Friday, August 21, 2015

Book Review - The Sticklepath Strangler by Michael Jecks

One reason I love reading historical mysteries is sometimes you learn something, if you’re not careful.  Understandably, authors of this genre might take creative liberties with facts for the sake of entertainment, but more often, they are not afraid to include gut-churning details that history textbooks might omit.  The reader, now having his curiosity piqued, seeks out more information on some gruesome event ‘intended for mature audiences only.’

Such is the basis for Michael Jecks’ The Sticklepath Strangler, the twelfth in his excellent series featuring Sir Baldwin de Furnshill, Knight’s Templar and Keeper of the King’s Peace in Crediton.  (Yes, I’m super-duper behind.)

The novel is set several years ago after the great famine in the British Isles from 1315-1317, where the disaster was so widespread and so devastating, rumors of cannibalism flourished.  Such allegations being so horrendous, it isn’t shocking that some of the populace cold only explain the happenings on a supernatural being. In this case, vampires.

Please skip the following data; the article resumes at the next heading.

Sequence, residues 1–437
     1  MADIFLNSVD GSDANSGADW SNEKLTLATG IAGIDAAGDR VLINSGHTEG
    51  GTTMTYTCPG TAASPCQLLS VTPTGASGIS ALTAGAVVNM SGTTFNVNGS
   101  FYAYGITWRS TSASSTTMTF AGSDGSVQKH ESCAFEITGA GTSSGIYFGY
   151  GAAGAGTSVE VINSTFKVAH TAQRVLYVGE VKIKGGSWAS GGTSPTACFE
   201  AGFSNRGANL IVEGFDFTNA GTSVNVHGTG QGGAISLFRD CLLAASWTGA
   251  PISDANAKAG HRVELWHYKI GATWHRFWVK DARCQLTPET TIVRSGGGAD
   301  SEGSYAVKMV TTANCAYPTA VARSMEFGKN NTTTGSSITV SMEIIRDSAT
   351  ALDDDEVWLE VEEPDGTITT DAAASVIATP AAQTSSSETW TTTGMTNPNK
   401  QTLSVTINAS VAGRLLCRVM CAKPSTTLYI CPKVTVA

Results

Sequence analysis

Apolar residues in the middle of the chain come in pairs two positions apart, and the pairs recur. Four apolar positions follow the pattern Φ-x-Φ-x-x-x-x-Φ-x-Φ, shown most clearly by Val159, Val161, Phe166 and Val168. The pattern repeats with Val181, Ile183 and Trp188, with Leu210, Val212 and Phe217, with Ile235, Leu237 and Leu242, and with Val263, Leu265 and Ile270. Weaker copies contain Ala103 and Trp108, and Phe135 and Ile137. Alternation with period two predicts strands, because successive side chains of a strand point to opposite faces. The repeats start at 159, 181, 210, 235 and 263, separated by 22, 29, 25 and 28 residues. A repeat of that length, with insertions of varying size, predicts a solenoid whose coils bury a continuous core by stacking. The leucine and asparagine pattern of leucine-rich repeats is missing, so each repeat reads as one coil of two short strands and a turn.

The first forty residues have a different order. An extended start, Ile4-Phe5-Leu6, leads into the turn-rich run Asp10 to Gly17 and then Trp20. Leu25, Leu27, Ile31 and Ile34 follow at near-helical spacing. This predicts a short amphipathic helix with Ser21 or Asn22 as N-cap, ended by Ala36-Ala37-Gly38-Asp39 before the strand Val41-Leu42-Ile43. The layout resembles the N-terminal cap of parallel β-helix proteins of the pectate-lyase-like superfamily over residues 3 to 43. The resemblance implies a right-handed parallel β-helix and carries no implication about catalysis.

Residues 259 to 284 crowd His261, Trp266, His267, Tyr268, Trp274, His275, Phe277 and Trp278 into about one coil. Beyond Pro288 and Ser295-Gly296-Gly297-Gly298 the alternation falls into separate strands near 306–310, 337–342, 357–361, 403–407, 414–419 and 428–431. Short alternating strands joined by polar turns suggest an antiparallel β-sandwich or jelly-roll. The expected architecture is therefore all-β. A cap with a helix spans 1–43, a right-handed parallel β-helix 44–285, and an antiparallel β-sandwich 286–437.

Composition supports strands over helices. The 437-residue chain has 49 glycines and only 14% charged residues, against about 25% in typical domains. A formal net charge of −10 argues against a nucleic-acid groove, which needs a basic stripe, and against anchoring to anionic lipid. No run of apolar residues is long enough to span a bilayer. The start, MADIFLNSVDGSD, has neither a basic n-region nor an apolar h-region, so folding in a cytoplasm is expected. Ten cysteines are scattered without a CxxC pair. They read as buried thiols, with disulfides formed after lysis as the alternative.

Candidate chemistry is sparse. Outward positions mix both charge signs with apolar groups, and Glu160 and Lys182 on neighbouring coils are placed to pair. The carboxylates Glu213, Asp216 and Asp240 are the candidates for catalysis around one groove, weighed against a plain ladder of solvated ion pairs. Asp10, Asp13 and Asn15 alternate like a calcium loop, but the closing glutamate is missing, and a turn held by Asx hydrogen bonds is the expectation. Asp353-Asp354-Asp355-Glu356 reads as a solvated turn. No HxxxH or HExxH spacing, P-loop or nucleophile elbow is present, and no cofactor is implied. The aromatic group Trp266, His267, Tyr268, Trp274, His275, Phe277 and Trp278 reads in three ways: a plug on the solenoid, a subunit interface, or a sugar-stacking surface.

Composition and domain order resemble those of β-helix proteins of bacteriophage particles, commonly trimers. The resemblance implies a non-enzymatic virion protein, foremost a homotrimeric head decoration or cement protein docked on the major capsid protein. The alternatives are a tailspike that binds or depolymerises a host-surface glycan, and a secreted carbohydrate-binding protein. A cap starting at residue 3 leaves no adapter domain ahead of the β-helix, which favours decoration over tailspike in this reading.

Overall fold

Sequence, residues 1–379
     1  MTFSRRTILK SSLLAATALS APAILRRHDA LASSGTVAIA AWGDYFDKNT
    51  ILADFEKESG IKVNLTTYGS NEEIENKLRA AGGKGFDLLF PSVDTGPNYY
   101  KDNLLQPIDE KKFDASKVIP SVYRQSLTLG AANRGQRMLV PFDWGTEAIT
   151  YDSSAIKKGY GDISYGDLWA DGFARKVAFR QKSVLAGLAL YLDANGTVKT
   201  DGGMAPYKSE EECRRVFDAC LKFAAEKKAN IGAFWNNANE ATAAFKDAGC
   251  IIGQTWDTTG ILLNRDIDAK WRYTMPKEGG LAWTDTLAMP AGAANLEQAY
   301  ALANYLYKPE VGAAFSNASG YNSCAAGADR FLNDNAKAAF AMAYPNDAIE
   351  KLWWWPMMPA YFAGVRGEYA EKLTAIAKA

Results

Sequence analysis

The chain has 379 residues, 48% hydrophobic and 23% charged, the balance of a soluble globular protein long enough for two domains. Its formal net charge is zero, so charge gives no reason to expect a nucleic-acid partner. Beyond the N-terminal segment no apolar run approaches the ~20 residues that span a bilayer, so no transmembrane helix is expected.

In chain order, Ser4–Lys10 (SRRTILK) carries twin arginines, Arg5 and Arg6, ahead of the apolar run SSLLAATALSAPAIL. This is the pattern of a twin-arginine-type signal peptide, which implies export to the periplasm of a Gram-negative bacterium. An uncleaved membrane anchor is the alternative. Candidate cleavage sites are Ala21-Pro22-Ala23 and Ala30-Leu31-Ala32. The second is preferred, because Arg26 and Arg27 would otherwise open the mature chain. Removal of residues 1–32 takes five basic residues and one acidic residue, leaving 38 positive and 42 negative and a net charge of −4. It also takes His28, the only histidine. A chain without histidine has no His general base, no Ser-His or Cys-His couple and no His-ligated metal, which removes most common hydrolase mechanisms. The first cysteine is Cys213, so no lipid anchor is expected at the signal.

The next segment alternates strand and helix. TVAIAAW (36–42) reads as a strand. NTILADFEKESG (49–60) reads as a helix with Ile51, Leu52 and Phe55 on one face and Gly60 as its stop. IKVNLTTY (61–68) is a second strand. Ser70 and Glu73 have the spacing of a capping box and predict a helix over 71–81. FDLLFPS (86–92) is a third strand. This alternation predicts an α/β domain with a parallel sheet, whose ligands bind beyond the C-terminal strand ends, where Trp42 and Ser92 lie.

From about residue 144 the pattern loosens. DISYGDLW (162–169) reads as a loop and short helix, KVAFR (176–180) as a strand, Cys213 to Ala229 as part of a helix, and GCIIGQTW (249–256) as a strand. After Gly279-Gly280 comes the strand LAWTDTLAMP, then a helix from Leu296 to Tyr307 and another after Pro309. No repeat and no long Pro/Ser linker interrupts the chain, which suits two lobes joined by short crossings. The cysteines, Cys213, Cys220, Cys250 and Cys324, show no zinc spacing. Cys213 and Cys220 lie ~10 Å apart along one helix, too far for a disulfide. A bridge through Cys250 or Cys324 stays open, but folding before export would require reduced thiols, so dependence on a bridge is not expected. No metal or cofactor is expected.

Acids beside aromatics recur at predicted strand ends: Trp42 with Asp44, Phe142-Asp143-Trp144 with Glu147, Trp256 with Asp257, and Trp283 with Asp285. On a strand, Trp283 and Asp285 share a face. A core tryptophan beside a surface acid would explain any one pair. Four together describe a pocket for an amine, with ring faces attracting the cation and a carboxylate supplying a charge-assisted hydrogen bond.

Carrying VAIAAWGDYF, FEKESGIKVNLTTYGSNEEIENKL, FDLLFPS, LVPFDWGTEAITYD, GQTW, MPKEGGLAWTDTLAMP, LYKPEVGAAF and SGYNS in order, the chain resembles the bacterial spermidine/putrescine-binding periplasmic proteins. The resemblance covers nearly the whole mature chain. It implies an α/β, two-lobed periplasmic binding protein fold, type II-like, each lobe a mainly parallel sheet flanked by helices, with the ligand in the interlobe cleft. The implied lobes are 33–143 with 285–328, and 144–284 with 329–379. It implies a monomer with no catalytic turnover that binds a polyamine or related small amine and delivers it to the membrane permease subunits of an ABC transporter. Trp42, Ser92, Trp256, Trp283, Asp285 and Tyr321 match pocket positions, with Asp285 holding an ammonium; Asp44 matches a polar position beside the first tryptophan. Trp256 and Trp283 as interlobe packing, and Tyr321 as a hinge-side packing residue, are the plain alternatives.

The novel opens with the villagers of Sticklepath killing one of their own, fearing he was a vampire, after a ten year-old girl vanishes.

Seven years later her body is discovered and indications she might have provided someone with a meal.  The villagers who have survived the famine are sure to defend their belief a sanguisuga or vampire is responsible.  Baldwin is not so sure, even though an incident during his investigation almost makes him reconsider his beliefs.  With his wife, Lady Jeanne and his friend Simon Puttock, official of the tin miners of Dartmoor, he sets out to find the real reason the young girl was murdered.